Having written traditional Regencies and one Super Regency, Amanda McCabe makes a solid debut in her first full length Regency historical, Lady Midnight.
Katerina Bruni, the daughter of the most famous courtesan in Venice, is at a party on a yacht with her potential first protector, her mother, and her mother’s protector when a sudden storm capsizes it. Katerina alone survives, washing up bloodied and battered on a beach somewhere in Italy. Some peasants find her and kindly give her medical attention and shelter. While Katerina recovers from her injuries, the ghost of her mother visits her and urges her to take this opportunity to create a new life for herself.
One year later, Katerina is now a widow named Kate Brown living in London and struggling to find employment without any references. The money from selling her jewels dwindling, Kate jumps at the chance to be a governess in remote Yorkshire. The post chaise taking Kate to her employer’s home unfortunately breaks down, and while Kate is waiting for the coachman to return with help, a handsome young man drives up and, charmed by her Italian accent, flirts with her. They are both enjoying themselves until he realizes she is Mrs. Kate Brown, his new governess and she realizes he is Mr. Michael Lindley, her new employer, and each hastily step back to maintain a professional distance. Mr. Lindley decides to drive Kate himself to the house to meet her charges – his fifteen-year-old sister Christina, and Amelia, his seven-year-old daughter.
What follows is a lovely, uncomplicated, and completely believable story of two people falling in love over passion and mutual interests, such as Italy and Shakespeare, and overcoming the reasonable obstacles to their HEA. Kate and Michael do not immediately begin a relationship, sensibly realizing the censure that comes with two people of different stations in life. They also have secrets; Kate knows her past, if revealed, would certainly bring about her dismissal as a governess, a position she desperately needs, as well as total rejection from society, and Michael suffers from the guilt of his own secret every day. Frankly, his friends and even his mother could have guessed Michael’s secret, so it’s a wonder why he keeps it to himself for so long, but it certainly set up the wonderful scene in which he reveals it to Kate and, with her help, is able to forgive himself.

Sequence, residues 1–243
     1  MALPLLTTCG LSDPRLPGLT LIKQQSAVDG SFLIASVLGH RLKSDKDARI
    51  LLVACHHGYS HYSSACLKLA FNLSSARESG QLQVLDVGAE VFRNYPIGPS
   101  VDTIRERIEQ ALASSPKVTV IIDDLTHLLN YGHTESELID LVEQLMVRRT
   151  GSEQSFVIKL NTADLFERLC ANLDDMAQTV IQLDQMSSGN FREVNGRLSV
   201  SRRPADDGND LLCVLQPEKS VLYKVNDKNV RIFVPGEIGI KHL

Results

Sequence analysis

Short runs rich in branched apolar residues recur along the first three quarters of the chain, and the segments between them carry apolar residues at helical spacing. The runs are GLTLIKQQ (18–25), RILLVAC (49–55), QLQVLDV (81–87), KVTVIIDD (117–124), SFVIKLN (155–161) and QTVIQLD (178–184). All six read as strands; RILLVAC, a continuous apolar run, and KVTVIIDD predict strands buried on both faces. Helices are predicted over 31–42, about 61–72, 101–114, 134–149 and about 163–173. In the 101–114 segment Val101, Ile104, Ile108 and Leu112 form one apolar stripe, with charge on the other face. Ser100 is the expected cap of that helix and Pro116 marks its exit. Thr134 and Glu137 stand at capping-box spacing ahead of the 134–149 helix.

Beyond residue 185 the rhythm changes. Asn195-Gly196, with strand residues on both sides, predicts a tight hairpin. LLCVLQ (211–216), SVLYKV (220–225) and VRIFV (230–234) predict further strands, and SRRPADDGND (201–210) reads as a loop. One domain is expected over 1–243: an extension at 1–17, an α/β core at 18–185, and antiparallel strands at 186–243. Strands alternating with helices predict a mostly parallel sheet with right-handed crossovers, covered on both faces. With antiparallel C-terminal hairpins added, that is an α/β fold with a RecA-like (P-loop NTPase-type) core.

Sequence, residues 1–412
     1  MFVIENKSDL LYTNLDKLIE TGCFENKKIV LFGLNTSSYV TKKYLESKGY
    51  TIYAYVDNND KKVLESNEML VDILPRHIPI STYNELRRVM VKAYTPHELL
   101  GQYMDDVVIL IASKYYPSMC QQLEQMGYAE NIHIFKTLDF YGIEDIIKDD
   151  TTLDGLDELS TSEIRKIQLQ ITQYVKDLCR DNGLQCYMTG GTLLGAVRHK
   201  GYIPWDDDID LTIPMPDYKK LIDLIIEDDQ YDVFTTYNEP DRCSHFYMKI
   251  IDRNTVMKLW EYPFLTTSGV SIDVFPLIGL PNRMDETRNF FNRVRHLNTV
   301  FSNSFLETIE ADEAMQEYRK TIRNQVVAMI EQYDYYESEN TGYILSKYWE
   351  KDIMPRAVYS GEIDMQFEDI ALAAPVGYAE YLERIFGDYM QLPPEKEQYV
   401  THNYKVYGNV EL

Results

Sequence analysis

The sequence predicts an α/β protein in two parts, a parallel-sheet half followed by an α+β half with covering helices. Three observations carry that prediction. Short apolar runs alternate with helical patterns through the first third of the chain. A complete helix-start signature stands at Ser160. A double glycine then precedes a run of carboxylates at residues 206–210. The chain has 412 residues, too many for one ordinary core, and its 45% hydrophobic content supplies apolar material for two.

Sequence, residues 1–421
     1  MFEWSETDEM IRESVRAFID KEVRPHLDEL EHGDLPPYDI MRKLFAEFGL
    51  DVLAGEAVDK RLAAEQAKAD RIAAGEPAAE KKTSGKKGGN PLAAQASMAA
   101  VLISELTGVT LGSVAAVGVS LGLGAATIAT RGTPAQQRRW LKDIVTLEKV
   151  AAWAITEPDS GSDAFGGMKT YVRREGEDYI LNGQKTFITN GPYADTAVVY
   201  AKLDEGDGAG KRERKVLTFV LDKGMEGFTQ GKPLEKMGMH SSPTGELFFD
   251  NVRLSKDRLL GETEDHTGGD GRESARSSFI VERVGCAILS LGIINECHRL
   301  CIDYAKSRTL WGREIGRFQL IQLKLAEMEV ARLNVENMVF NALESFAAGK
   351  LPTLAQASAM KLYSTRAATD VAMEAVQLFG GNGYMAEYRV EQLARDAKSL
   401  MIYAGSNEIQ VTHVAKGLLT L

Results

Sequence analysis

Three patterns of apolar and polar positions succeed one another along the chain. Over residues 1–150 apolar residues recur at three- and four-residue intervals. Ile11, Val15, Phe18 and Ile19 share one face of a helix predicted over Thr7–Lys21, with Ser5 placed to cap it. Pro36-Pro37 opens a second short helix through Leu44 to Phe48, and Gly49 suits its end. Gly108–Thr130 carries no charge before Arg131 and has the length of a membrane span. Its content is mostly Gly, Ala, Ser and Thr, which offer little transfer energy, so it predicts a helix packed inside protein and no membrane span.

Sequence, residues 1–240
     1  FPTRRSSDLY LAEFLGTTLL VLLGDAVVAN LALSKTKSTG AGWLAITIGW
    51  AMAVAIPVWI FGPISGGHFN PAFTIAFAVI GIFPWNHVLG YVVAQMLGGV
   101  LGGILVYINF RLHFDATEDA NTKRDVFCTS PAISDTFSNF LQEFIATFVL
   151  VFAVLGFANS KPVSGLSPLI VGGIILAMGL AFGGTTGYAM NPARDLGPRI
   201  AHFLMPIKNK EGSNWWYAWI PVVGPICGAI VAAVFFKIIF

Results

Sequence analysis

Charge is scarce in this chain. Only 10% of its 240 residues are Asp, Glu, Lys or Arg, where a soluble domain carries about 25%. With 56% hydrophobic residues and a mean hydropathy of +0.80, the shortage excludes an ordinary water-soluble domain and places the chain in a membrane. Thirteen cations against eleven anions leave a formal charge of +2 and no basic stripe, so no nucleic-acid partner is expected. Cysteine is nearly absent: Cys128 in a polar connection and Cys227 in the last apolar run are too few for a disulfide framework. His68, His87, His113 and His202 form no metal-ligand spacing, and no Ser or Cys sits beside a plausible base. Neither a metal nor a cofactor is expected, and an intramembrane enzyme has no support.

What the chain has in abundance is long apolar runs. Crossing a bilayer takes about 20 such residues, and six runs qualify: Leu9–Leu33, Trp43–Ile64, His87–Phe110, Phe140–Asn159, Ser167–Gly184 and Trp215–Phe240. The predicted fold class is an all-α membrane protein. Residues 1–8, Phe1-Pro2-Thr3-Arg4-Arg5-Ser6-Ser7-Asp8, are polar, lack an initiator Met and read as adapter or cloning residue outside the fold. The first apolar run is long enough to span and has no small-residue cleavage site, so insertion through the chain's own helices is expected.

It’s rare and delightful to read a romance that unfolds gradually and almost realistically, which must have been helped by the book’s length of slightly more than 400 pages. There are also appealing scenes of Kate and her growing relationship with Michael’s sister and daughter and slices of English village life. The plot skillfully weaves in Italian images and words.
Kate and Michael are wonderful and admirable characters. Raised to be a courtesan by her mother, with a courtesan’s cynical take on life, Kate nevertheless is a good and warm person, with a self-deprecating way of viewing things that always got a small chuckle out of me. Michael is caring, kind, a loving father and a good brother. Even the villain threaded into the plot is three dimensional; alternately deranged, menacing, and sympathetic.
The only noteworthy complaint is that McCabe has a penchant of using italicized words for emphasis. Once or twice, here and there, and occasional use is fine, but when they pop up on every other page, it is disconcerting. I counted at least 24 italicized words by chapter three, including the prologue, and five of them on page 35 alone. McCabe’s storytelling and writing skills are fine enough without this excessive emphasis.
Otherwise, this is a well-plotted, well-paced book, and one I do not hesitate to recommend.